NASCAR bans Ross Chastain 'Hail Melon' move at Martinsville
Ross Chastain's "Hail Melon" move was tabbed as one for the ages when he mashed the gas and used the Martinsville Speedway wall to direct his car, allowing him to pass several competitors and advance to the final round of the 2022 NASCAR Cup Series playoffs.
A new NASCAR rules interpretation announced Tuesday made sure it was one for the ages.
NASCAR, in its 2023 rules announcement, said an interpretation of its current general rule on safety would render such a move as illegal and a driver would be given a lap or time penalty (in other words, their time to the finish line would be increased by an amount determined by NASCAR).
The rule: "Safety is a top priority for NASCAR. ... Therefore, any violations deemed to compromise the safety of an event or otherwise pose a dangerous risk to the safety of competitors, officials, spectators or others are treated with the highest degree of seriousness. Safety violations will be handled on a case-by-case basis."
Chastain said Saturday that he was proud NASCAR made a rule change based on his move.
"I am proud of it," Chastain said. ‘" don’t want to do it ever again, though. … It was the longest wreck of my life. It was just really successful. I have no desires to ever do that again. Selfishly, I am glad I get to be the only one in history to successfully did it."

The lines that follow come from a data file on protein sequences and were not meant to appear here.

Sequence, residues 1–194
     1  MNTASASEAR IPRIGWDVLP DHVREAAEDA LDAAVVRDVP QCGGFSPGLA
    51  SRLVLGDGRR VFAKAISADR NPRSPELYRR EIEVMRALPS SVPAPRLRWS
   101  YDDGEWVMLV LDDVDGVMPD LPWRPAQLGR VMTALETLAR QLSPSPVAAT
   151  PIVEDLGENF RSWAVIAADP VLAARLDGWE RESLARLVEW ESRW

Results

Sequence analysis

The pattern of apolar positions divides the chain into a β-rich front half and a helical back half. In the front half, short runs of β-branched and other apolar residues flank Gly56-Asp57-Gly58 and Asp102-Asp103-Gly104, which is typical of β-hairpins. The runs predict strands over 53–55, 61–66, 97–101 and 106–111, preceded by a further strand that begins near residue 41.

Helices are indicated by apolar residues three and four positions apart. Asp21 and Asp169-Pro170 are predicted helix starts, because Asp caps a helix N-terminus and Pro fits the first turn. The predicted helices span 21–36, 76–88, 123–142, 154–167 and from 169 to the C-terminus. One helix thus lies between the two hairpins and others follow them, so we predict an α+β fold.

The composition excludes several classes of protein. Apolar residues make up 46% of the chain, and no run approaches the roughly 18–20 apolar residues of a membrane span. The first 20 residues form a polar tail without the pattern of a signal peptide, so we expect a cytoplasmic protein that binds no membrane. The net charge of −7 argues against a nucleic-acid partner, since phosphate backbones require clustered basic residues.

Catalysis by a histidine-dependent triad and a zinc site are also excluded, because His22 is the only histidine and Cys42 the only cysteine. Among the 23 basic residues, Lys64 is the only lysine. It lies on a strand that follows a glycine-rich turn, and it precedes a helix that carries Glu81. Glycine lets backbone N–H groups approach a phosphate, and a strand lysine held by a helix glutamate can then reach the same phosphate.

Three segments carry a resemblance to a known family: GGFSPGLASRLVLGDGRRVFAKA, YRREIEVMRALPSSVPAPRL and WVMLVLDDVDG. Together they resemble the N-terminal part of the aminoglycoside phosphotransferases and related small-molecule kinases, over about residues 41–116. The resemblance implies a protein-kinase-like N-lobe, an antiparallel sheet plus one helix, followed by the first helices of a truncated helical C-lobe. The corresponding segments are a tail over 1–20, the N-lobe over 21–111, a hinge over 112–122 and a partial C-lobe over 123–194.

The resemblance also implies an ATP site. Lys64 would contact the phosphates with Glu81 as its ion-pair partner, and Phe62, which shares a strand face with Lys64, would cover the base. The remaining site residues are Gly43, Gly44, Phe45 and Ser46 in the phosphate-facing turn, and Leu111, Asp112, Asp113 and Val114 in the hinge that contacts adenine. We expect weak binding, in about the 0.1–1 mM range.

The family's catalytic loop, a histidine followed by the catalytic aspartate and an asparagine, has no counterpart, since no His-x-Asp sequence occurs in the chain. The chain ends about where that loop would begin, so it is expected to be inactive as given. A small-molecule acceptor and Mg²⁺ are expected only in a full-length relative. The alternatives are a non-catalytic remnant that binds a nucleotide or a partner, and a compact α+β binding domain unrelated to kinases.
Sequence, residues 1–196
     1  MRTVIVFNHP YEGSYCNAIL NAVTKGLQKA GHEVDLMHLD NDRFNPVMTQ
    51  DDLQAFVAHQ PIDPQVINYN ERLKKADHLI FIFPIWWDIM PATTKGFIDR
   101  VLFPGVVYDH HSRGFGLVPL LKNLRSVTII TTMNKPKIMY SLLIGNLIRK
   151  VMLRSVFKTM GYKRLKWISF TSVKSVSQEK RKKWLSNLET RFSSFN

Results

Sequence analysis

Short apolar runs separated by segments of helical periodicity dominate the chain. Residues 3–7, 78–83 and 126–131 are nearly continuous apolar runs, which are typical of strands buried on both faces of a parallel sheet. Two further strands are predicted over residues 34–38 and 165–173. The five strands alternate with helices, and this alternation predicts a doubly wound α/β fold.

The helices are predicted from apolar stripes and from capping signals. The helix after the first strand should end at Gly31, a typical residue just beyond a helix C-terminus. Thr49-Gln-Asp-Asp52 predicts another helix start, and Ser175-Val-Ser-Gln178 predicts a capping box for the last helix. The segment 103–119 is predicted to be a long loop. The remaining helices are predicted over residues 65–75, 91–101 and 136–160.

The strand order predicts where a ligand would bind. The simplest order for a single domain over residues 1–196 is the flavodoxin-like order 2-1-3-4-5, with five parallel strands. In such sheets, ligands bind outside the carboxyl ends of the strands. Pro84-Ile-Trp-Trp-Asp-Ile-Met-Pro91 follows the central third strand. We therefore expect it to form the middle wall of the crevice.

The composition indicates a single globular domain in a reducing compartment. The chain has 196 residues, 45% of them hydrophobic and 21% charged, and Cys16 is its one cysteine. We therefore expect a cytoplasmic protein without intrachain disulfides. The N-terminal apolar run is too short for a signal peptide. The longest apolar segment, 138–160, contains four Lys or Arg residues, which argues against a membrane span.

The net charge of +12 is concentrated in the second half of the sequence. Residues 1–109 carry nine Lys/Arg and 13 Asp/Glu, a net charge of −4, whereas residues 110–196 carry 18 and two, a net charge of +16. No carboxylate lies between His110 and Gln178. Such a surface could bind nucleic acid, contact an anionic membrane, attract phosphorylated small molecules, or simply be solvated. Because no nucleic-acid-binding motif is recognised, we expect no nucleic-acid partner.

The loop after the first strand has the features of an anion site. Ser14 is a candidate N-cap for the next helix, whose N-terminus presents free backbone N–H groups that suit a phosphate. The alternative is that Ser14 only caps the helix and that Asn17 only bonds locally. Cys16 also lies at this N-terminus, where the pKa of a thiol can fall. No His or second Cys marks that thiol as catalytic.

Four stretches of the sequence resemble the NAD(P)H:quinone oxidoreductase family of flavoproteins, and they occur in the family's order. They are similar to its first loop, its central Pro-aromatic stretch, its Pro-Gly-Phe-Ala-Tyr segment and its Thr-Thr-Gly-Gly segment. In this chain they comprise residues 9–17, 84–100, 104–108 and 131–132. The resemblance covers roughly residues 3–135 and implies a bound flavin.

The desperation move, which went viral for the amazing look of how he passed several cars in one turn, was not well received by his competitors, who loved seeing it but knew it could put drivers at risk.
"It did some good things for our sport," said 2021 Cup champion Kyle Larson. "I don’t think it would be good to see it happen every week. Making a call on it is good and we won’t see it anymore, so It’s nice."
Many drivers said the move was dangerous, were surprised that Chastain's car stayed on the track instead of getting airborne and that the Martinsville fencing, including an area in the wall that opens up for race-car transporters to enter the infield, held up.
"It brought got a great deal of excitement, a great deal of exposure to our sport, but it also came with some scrutiny," said NASCAR Senior Vice President of Competition Elton Sawyer.
Chastain admitted that he did not feel well from the beating he took inside the car as he hit the wall.
"If there's an act that we feel that's compromising the safety of our competitors, officials, spectators, we're going take that seriously," Sawyer said. "We will penalize for that act going forward. That move at Martinsville would be a penalty."Bob Pockrass covers NASCAR for FOX Sports. He has spent decades covering motorsports, including the past 30 Daytona 500s, with stints at ESPN, Sporting News, NASCAR Scene magazine and The (Daytona Beach) News-Journal. Follow him on Twitter @